Our analysis brought us to a better understanding of how to inspire our designs going forward. All these elements worked well in unison to create a clean and fluid process for users and helped inform our designs as we explored different styles.

Assembling the pieces

Drawing inspiration from competitors and keeping our design principles in mind, I then proceeded to build three divergent style directions to present to Rocio.

For my first exploration, I decided to take the typical blue color associated with freshness and apply it as a background solid, laying lighter neutral elements on top of it to create a sense of structure and balance between colors while maintaining a sterile vibe. I utilized rounded buttons and friendly line icons to create a flat, friendly, and familiar look. Finally, I chose a clean sans serif typeface in Lato, utilizing its various weights and treatments to create a sense of hierarchy.

In my next exploration, I wanted to push the normally-associated cool tone of blue into a new light, venturing into some off-purples. I wanted to maintain the cleanliness and sleekness associated with the color while extending into new territory. I softened the button’s rounded edges to keep a solid structure across the elements and toned the map down to to a monochromatic tone to let the overall theme breathe through its simple, modern, and clean structure.

My last exploration also pushed color away from the Cleancio brand’s blue to a green I associated with freshness. I paired a serif typeface with a sans serif one to create a more professional vibe than the previous styles. Here, I squared off buttons and filled in icons to add a little weight and again create the structure necessary for this project.

Rocio, Norma, and Brittne responded with valuable feedback to the tiles, giving their insight into the elements they felt best represented their brand. They liked the use of familiar patterns brought in from the first style, while appreciating the use of space and colors of the third style. They also liked the use of the sans serif typography in the first tiles, though they expressed concerns about the visibility of some of the line iconography.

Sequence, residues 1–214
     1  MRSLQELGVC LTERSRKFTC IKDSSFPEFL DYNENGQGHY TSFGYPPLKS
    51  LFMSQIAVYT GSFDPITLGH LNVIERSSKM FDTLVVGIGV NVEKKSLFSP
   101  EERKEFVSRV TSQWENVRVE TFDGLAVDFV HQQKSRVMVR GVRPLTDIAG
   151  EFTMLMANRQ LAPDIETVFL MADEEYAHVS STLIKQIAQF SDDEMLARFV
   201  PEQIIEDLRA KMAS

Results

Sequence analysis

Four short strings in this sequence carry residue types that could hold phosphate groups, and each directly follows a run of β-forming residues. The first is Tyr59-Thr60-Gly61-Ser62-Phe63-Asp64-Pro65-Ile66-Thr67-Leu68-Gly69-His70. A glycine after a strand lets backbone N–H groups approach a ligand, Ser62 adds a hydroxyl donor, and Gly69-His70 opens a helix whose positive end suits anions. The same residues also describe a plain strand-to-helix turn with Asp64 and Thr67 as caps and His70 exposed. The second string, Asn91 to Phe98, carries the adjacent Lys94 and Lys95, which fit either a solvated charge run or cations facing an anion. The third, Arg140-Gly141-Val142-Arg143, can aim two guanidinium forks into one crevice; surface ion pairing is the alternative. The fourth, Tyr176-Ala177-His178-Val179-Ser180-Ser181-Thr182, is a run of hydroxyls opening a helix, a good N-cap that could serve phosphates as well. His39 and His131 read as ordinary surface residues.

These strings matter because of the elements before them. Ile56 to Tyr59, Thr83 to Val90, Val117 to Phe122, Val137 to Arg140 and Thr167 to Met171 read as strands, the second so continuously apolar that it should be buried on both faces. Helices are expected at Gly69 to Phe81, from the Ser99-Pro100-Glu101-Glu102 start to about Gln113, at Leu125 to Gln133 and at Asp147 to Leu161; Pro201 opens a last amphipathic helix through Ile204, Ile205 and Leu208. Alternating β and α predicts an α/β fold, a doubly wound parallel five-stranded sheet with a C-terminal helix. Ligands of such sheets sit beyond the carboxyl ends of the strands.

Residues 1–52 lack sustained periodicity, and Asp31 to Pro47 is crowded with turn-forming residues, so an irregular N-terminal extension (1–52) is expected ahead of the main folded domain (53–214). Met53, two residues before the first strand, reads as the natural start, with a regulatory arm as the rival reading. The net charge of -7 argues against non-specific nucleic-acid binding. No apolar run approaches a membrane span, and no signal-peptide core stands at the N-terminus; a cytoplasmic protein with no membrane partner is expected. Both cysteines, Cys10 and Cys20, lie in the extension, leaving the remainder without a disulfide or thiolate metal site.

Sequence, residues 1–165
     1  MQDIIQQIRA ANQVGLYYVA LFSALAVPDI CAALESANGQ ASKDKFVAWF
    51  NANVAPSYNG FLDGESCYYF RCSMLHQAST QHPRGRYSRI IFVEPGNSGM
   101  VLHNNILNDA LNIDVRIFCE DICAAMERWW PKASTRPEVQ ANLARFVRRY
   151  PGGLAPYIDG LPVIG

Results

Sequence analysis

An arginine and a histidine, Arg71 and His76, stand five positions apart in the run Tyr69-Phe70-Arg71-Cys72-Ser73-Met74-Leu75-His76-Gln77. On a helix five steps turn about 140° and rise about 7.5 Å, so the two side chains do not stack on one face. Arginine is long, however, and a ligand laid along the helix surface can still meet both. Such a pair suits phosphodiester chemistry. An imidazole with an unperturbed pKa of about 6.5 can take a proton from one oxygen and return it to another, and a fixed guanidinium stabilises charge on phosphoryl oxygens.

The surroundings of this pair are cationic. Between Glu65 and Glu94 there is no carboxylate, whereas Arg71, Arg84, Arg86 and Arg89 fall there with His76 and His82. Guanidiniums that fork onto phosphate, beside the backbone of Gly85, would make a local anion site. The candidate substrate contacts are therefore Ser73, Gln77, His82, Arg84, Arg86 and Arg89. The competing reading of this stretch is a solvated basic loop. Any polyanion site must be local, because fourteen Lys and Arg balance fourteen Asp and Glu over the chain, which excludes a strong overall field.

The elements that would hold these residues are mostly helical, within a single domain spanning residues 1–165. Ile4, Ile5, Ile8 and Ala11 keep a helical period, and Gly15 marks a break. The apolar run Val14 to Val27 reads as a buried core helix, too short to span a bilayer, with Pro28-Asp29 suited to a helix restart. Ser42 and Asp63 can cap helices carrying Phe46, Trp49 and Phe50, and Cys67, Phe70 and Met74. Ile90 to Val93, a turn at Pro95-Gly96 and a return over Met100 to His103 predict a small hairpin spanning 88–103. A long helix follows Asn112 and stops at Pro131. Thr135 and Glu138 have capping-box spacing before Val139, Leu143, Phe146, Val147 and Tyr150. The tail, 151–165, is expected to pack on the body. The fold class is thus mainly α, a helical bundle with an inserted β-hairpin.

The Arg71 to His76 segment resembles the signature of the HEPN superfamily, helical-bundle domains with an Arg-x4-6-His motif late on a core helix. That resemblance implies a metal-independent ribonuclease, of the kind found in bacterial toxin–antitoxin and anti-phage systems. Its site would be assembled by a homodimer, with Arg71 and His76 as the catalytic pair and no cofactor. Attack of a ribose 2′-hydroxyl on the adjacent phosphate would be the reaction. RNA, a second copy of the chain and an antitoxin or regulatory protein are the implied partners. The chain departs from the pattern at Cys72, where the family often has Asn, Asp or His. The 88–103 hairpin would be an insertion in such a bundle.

Though we received mixed feedback across all three style explorations, it gave me a good basis to start crafting my decisions into how to incorporate elements into the next phase of my designs. Based on their interest in the coloring and aesthetic of the third tile, I decided to carry it forward while incorporating the typography and patterns of the first tile as I felt that it best expressed the brand’s needs and voice.

Solidifying the Concept

With a direction in hand, I then crafted a few key screens to take into a desirability test, where we presented our designs to some Cleancios to test whether the visuals spoke to our principles. Our team decided to test four areas of the app (schedule, tasks, details, and reporting) with three Cleancios, all of whom were familiar with Podio.

Schedule screen (left) through which the user can find their cleanings (center) and further unit details (right).

During the design of the report function, I opted to progressively disclose the report section by moving half of the process to a second screen to organize the information more cleanly.

While our team was informed of the language barrier that many of the cleaners had, none of the cleaners were able to understand any English. While we had a native Spanish speaker on our team who moderated the tests (and I understood enough to take notes), the biggest finding from our test was that many of the cleaners didn’t understand content on screens due to a lack of English. It was an eye opening experience because though we felt we prepared for it, we were still shellshocked at how much we had underestimated the testers’ linguistic abilities.

Areas of Success

User liked they could find all the unit details on one screen and didn’t have to scroll.

Users felt the colors were fresh and clean.

Areas of Opportunity

Users didn’t notice the neutral colored markers on the map.

Users didn’t understand much of the copy.

Users felt the report pictures could be larger, and the tag labels weren’t as important as the photo content.

Due to unforeseen circumstances and some of the feedback given from our users, we realized even further how important our design principle of visual communication was. We presented our findings to Rocio and Brittne, who found our findings insightful to their service, and then gave us further insight into our language issues. We realized we now had the added obstacle of trying to create a design solution that solved a translation/localization problem with visuals instead of text.

Creating a solution

Before our next test, I iterated my designs to accommodate for the findings from earlier. I adjusted every visual element in my design to associate with a visual aid, assigning filled-in icons for labels and line icons to clickable items. I also made detailed changes based on the previous test, creating a clickable prototype in InVision to test if users could accomplish three task flows. We tested Cleancios’ ability to comprehend the information on the schedule to find their next cleaning, report a stray wallet they found in the unit, and add pictures to their cleaning before clocking out. We conducted four tests as a whole, only able to test two Cleancios and testing two stakeholders due to scheduling conflicts.